Sojourner's Place

is gay marriage the right fight for african americans?  

Posted by SjP in

I was listening to Tell Me More this morning on NPR on my way to My Side of the Plantation. The focus of this morning's conversation gay marriage as California became the first state to offer marriage licenses to same-sex couples.

The broadcast raised the question of whether or not the fight to recognized same sex marriage was a fight in which the African-American community should be involved. The Rev. Yvette Flunder and Monica Trasandes, leaders in California's gay community, discuss how the news is being received by communities of color, and whether gay marriage is the "right fight."

Here's the broadcast. What do you think. Is this our fight...should it be?

Speak the Truth!

Obliged to you for hearing me, and now old Sojourner's Place ain't got nothing more to say.

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This entry was posted at Tuesday, June 17, 2008 and is filed under . You can follow any responses to this entry through the .

6 sojourners hollin' back


As a minister, I believe that ALL Americans should be treated as equals in society. All Americans should abide by the same laws and have the same laws applied to them.

We can not call ourselves Christians and refuse to advocate for equality.

Peace, blessings and DUNAMIS!

June 18, 2008 at 3:21 AM

I second that emotion, Lisa. The fight for equality and against injustice is EVERYBODY'S fight.

Adults in committed relationships who love each other and want to get married should be allowed to marry.

June 18, 2008 at 11:59 AM

I can't see any group who has suffered from inequities looking the other way on this issue. The level of homophobia in the African-American community is palpable. Rallying for same-sex marriage can only show support for those within the AA community who seek equal protection for their relationships. Leaders within the community need to tackle the issue of homophobia which has already had a negative effect on the community when it comes to AIDS.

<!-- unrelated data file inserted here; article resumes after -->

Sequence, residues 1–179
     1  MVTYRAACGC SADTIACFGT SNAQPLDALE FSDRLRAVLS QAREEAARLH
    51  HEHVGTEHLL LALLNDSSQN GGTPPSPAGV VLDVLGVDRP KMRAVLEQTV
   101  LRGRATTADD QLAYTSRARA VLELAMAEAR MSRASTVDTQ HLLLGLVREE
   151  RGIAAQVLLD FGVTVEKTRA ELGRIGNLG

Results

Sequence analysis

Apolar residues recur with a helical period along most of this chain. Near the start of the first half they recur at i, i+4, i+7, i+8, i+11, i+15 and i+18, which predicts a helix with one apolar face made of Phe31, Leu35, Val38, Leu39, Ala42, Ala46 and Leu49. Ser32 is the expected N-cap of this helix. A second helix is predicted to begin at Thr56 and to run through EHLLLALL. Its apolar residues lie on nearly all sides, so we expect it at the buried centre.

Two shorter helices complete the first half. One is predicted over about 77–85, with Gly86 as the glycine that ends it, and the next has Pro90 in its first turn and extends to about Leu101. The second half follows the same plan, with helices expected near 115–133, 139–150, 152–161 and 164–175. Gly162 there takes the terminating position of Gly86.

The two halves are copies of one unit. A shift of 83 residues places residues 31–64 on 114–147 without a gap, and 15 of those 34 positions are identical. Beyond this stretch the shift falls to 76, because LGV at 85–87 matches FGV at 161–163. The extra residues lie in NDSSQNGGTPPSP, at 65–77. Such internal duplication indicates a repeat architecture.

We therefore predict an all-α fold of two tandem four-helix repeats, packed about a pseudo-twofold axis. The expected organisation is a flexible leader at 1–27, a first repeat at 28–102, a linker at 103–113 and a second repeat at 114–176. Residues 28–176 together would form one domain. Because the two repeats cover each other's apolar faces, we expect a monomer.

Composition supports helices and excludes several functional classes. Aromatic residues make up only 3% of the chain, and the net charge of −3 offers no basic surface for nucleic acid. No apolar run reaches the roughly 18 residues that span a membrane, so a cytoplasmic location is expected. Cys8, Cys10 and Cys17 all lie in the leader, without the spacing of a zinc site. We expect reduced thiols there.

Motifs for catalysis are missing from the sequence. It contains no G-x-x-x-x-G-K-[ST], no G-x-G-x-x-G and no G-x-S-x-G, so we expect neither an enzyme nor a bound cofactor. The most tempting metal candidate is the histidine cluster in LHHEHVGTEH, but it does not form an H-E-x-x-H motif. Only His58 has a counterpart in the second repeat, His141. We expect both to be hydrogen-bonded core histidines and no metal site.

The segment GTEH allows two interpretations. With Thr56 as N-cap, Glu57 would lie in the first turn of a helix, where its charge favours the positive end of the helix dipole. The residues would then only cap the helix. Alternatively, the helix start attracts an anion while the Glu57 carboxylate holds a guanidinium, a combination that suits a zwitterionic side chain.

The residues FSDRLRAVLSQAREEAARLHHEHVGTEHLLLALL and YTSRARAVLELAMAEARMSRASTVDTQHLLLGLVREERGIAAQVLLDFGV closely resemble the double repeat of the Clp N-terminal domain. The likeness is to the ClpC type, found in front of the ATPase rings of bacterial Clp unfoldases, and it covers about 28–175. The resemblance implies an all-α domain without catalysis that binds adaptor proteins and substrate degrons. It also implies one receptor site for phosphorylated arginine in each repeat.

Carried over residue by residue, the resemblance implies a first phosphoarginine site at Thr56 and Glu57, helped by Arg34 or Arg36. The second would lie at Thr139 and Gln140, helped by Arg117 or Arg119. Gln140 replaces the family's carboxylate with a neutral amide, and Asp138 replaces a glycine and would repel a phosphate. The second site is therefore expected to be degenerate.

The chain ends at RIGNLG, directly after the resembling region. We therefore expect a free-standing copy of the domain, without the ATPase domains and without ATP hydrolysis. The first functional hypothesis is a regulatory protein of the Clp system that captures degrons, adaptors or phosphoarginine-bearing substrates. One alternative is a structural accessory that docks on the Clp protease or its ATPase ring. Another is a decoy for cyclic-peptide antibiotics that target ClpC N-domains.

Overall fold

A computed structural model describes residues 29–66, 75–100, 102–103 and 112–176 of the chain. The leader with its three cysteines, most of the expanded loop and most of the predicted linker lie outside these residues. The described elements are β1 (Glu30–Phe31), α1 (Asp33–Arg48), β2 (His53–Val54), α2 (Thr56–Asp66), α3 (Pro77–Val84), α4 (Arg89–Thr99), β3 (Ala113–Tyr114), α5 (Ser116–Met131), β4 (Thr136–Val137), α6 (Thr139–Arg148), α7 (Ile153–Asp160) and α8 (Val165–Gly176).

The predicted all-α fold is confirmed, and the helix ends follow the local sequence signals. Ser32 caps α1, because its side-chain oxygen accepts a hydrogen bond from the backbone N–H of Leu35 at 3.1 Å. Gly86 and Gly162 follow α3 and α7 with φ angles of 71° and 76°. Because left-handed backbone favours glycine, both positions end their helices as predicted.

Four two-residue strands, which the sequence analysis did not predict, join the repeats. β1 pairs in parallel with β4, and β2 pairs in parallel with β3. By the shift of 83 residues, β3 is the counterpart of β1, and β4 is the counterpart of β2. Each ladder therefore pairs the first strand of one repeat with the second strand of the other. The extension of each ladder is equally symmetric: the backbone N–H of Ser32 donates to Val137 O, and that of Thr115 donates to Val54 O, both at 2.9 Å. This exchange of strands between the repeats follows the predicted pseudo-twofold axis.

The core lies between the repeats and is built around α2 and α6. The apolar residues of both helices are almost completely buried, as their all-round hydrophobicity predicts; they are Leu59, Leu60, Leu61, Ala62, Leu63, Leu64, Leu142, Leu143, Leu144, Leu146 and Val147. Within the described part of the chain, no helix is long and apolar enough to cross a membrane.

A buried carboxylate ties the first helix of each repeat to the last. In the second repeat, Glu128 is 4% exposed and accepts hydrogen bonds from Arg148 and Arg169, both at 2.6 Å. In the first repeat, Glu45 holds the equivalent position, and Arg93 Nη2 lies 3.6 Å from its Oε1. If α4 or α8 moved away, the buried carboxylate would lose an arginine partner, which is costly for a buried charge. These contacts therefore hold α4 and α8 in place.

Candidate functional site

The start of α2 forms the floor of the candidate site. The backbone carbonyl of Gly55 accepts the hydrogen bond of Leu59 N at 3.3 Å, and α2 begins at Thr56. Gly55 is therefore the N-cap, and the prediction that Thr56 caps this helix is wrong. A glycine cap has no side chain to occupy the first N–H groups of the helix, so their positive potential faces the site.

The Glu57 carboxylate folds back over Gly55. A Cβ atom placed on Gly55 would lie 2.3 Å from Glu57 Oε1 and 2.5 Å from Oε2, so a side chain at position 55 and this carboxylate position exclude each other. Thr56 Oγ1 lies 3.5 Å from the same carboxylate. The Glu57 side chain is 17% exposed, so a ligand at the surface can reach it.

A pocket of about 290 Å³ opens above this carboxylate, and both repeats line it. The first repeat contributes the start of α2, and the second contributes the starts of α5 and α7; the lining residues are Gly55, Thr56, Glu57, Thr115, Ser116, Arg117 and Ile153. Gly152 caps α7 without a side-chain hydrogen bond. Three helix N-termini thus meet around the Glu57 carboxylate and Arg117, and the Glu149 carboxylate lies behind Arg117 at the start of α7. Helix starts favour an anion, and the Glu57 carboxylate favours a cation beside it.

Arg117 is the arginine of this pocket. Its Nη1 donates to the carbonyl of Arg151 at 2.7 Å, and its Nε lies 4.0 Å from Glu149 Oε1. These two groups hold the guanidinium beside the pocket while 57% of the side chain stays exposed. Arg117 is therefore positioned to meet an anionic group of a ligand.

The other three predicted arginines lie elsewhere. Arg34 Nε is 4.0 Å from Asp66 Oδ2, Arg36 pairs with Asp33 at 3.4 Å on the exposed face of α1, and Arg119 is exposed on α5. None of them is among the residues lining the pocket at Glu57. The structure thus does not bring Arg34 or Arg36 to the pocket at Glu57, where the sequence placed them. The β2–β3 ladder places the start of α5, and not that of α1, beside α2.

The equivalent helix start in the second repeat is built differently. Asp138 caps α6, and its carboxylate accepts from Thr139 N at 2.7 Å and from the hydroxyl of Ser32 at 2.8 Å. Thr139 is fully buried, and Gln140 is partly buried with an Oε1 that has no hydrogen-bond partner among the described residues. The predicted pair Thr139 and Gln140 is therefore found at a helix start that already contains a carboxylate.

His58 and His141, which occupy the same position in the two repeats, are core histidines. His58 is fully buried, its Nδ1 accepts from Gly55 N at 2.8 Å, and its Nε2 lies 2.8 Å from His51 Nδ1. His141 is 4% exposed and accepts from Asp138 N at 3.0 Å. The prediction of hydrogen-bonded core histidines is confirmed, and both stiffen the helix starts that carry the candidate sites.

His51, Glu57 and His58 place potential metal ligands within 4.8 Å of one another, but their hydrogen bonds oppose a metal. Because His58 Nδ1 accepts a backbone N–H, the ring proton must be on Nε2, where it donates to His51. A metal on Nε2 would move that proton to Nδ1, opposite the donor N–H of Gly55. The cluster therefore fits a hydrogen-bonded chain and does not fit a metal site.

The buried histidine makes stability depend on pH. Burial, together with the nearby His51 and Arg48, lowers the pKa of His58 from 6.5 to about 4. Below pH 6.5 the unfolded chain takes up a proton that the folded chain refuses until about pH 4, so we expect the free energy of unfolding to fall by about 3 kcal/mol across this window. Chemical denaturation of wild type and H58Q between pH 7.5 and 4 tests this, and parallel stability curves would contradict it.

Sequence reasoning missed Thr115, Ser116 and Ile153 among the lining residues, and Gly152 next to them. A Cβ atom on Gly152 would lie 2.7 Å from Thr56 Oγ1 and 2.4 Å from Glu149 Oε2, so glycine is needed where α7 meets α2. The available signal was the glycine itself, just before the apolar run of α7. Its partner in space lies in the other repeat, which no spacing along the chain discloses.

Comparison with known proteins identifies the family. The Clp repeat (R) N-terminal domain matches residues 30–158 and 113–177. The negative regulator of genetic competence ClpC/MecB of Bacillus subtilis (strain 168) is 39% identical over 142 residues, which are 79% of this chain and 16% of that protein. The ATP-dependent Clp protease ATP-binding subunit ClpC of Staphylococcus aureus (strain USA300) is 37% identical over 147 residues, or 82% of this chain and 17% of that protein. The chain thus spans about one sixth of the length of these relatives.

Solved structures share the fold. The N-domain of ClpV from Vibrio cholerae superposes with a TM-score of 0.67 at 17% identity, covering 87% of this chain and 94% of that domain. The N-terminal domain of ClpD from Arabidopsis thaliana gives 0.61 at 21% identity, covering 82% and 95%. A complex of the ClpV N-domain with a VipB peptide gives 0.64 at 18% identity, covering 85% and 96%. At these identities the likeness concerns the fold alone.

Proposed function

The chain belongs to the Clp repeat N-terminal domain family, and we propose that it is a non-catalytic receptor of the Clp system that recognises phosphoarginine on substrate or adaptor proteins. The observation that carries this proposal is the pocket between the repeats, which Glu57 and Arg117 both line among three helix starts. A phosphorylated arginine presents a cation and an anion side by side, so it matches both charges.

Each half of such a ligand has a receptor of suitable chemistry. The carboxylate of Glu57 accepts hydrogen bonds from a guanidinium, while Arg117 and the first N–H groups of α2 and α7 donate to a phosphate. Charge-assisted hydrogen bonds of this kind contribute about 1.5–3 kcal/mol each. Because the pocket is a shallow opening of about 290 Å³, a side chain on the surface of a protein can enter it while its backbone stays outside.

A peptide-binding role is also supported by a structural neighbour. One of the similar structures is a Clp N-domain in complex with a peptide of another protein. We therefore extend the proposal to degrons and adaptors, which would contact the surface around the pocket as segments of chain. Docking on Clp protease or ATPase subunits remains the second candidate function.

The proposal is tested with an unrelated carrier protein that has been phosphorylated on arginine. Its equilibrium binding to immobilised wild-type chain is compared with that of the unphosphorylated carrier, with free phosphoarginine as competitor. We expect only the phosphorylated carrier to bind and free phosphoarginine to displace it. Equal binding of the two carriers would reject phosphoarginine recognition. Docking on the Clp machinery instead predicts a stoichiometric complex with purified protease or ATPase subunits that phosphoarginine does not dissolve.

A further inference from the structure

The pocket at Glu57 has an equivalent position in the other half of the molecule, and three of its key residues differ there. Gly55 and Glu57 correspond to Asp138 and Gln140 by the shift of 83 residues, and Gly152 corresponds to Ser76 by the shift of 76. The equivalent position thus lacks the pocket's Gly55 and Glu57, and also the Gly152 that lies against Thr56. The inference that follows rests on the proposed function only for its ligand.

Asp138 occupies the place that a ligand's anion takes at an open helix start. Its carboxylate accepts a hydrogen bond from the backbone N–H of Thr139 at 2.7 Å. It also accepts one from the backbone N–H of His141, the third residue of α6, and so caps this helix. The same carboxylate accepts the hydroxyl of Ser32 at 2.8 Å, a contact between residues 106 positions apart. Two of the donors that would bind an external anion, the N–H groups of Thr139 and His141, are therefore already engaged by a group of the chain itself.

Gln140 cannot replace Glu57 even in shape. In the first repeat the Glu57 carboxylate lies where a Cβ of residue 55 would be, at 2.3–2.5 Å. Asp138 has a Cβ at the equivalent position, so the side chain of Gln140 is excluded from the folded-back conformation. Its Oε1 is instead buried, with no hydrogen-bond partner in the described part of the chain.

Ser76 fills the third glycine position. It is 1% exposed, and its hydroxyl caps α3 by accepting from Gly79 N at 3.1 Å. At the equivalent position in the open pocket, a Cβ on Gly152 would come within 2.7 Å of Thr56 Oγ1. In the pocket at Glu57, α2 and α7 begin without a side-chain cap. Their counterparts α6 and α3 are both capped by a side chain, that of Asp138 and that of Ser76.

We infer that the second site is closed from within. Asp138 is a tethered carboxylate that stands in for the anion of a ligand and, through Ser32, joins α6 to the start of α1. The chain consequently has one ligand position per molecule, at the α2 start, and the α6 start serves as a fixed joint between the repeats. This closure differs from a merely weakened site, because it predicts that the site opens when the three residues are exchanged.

June 19, 2008 at 7:28 AM

SjP, thanks for asking for my input over at Birmingham Blues. I'm with the other commenters and with Dr. King on this one: "Injustice anywhere is a threat to justice everywhere." It hasn't been that long since Loving v. Virginia, and there are many people in the black community who remember the days before that barrier came down. This is just one more we have to break through together.

June 19, 2008 at 11:21 AM

Much obliged to you all for commenting on this post. I don't believe that anyone should be discriminated against in any way. I must admit, however, that I'm not really sure of my own stance on gay marriage which, is the reason I invited comments.

But, I do know that I believe that when 2 single people establish a committed long-term relationship that they should in fact enjoy the same benefits as those who are married. I've seen too many folks in common law unions who are deprived of health, education, and insurance benefits because they aren't "married" in the legal sense. To me this is just wrong. So, I guess I must be in favor of same sex marriages as a means of stopping discriminatory practices particarly as these practices relate to benefits.

I do not agree, however, with moves to remove husband, father, or other gender-type identifiers from marriage licenses, birth certificates, etc. Rather that to remove such designations I think there should be options provided as to how one might elect to be identified.

Much obliged again for your comments and insight.


June 19, 2008 at 9:56 PM

I think if we've learned to connect the dots, justice is fair for everyone. I happen to be black and a lesbian. I'm an older woman who has not been allowed (in my own country) to have a relationship/family that is recognized. I'm living in England because my relationship is recognized in this country. Black people need to quit pretending that black gay people are not part of the black community - and that we don't deserve equal treatment. All of us are expected to fight for everything black, yet I can't expect support from many black people on my having the same benefits and rights that they take for granted.

September 23, 2008 at 5:46 PM
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